How GitHub advocated for developer interests at the US Copyright Office technical measures consultations
We are excited to announce GitHub’s partnership with the White House and the Department of Housing and Urban Development that will equip low-income homes with affordable and free broadband wireless internet access. “ConnectHome” will pilot in 27 cities and one tribal nation in the US including Newark, Seattle, Atlanta, and the Choctaw Nation in Oklahoma, providing broadband access, technical training, coding education, and devices for residents in assisted housing.
GitHub will provide
- $3 million in free private repositories for participants;
- $500,000 in financial support; and
- 4,000 hours in volunteer time to train, coach, and mentor those who want to build a career in software development.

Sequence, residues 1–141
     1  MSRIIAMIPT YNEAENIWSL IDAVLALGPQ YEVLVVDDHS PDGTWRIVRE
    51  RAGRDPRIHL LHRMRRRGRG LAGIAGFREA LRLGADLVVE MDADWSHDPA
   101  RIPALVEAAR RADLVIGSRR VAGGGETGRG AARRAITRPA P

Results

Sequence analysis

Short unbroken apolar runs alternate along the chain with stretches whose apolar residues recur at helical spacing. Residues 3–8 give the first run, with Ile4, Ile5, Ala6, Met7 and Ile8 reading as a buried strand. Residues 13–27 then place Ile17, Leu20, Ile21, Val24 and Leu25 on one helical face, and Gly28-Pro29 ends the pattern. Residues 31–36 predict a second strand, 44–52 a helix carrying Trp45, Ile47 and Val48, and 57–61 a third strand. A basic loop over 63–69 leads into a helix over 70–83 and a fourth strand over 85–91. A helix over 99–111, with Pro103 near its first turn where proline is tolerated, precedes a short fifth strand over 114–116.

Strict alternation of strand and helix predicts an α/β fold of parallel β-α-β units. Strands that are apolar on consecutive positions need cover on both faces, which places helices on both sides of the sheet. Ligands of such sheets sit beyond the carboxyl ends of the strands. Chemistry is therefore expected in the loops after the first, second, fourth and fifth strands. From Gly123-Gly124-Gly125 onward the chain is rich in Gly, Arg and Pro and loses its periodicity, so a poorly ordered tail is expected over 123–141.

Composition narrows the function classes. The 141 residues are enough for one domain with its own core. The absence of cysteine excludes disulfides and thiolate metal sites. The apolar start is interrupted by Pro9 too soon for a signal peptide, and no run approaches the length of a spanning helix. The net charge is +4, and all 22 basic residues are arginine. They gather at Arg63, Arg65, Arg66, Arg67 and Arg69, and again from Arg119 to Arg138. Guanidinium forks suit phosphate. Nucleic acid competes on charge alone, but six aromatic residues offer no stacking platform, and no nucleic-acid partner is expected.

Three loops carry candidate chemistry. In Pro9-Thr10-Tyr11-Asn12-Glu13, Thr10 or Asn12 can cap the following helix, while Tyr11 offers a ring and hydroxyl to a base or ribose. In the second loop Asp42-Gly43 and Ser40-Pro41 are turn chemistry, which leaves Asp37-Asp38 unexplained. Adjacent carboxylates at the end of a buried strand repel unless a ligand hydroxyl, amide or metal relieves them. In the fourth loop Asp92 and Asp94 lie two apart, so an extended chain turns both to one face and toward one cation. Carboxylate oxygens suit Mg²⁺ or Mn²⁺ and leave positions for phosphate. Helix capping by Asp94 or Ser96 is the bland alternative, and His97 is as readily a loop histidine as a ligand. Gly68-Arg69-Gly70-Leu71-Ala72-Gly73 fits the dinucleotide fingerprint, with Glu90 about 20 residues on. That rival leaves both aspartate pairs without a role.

We are proud to be a national sponsor while also partnering with local non-profits, educators, and Housing Authorities.
ConnectHome is the first program of its kind, and it is incredibly important because currently, one in four low-income families in the U.S. do not have access to the internet at home.
This is also the first major project launch of GitHub’s newly-formed Social Impact Team which is committed to leveraging resources and people power to cultivate positive change in open source, tech, and communities across the US and internationally.
The next chapter in tech innovation is going to be written by people who have been on the margins of tech for too long. GitHub is committed to making it much easier for people from low-income backgrounds and other underrepresented communities to participate not only in consuming tech, but in creating it. This initiative is part of that ongoing commitment.